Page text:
Kabuli Pulao in Berlin


Kabuli Pulao in Berlin

On a mild evening in Berlin, I visited Kabul Nights restaurant in Wedding district. I was visiting Berlin for a book talk on my anthology ‘Forgotten Foods: Memories and Recipes from Muslim South Asia’. The talk was well attended with a mixture of German, Indian, Chinese, Pakistani and British audience while the moderator Razak Khan and I had a great evening discussing food stories and culinary memories. Razak invited my husband and me to dinner at the Kabul Nights restaurant. I was eager to visit the restaurant which had been mentioned in Razak’s article in Forgotten Foods anthology. The restaurant had a plush Afghani decor with traditional seating of dastarkhwan and modern setting.  The proprietors from the Pakhtun area of Afghan Pakistan border are famous among the Afghan diaspora.

As Razak’s article, the evening began with the soulful rendition of Afghan singer Ahmad Zahir’s songs played specially for us. We were a group of six and decided to order a mix of Afghani dishes and share. I ordered the Kabuli pulao because I wanted to see if it really was rooted in Rampuri yakhni pulao. Kofta, seekh kababs, Bolani, chops and mantu were ordered by other guests.

Kabuli pulao was sweet and savory with the addition of sultanas and carrots to the meat and rice pulao. The rice was cooked in salty meat broth. The raisins and carrot juliennes were fried in oil with a little sugar and used as garnish. The shredded meat pieces mixed with the carrots and rice gave a unique flavour. The original yakhni pulao which we still eat in Rampur is a lightly flavoured rice and meat dish with meat broth as its base. With its journey from middle east to India along the silk route, it stopped in Afghanistan and  added the plentiful dry fruits of the region. The Yarkhandi pulao is closer to Afghan pulao with the addition of dry fruits.

On its arrival in India, it found aromatic spices which were added to the meat broth. The rice was soaked overnight in salt water to give it a whitish sheen before par boiling it and cooking it in the meat broth. We decided to garnish it with fried rice.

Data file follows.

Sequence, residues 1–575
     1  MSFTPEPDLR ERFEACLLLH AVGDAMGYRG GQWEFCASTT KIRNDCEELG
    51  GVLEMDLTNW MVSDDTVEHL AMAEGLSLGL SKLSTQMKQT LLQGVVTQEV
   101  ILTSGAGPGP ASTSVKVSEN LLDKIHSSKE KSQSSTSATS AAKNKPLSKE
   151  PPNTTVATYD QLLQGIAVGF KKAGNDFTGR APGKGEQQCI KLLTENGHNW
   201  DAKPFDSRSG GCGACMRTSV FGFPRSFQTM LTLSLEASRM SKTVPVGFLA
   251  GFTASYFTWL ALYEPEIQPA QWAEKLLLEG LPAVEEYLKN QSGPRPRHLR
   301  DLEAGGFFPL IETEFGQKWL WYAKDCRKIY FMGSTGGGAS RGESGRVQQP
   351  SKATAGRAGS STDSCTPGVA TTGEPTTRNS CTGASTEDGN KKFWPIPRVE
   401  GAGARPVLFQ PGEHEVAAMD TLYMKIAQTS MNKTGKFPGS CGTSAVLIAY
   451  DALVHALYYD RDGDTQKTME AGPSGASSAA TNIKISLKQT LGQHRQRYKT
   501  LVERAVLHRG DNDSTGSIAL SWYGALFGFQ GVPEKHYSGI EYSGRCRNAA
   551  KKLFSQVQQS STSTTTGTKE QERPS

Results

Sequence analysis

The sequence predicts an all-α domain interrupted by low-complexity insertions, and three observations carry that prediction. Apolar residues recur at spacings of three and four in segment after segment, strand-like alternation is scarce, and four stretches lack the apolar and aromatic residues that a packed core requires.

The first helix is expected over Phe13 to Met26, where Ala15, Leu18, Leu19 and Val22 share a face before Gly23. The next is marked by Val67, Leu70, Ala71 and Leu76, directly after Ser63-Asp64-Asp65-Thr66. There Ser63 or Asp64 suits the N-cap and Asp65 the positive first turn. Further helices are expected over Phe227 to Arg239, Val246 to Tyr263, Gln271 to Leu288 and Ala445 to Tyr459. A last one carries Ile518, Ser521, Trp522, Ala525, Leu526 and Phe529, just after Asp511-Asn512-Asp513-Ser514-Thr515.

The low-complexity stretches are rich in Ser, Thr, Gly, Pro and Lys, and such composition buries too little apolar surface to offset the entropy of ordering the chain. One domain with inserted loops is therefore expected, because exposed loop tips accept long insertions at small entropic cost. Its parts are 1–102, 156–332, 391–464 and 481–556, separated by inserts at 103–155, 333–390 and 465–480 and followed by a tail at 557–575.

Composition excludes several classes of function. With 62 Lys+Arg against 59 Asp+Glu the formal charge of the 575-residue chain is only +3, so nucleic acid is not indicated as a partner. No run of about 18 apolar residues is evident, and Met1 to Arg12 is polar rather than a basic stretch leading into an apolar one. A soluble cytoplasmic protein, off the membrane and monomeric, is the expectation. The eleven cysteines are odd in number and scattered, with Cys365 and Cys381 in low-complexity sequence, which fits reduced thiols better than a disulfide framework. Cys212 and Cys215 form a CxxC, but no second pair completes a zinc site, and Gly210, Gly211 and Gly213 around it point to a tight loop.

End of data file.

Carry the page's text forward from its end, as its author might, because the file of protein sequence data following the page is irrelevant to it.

The recipes I translated from nineteenth century cookbook manuscripts which were originally from Mughal traditions consist of a four step process. The meat broth is cooked with some spices like garlic, onions, coriander seeds, ginger, cardamoms, peppercorns, cinnamon and cloves. The meat pieces and spices are removed from the broth, and rice is marinated in it. Often the rice is first lightly boiled. The final putting together entails a frying of onions and spices to which the meat is added, a garam masala mixture is put on top and then the layer of rice. The meat stock is poured on top, and the pulao is put on dum. Rampur yakhni pulao still follows an abbreviated recipe keeping the to essential light flavour. We generally eat it with yellow chilli chutney and a curd preparation. Often kababs are a side dish to the pulao dinner.

I had eaten Kabuli pulao earlier at the Simurgh Center in Delhi prepared by the families of refugees from Afghanistan. Sometimes a lamb shrank is served with the pulao rather than shredded meat. There are no aromatic spices and fried onions which form the essential tonal quality of our pulao.  Whereas I enjoyed the light sweetness mixing with the savory meat, my husband didn’t like it. Our taste buds have changed with changes in dishes. I found the sweet and savory taste somewhat  like mutanjan, a sweet rice preparation with dry fruits and meatballs. The big surprise was the kofta curry which was exactly like our Indian koftas. The Afghan saffron tea, the qehwa was the final flourish to the meal.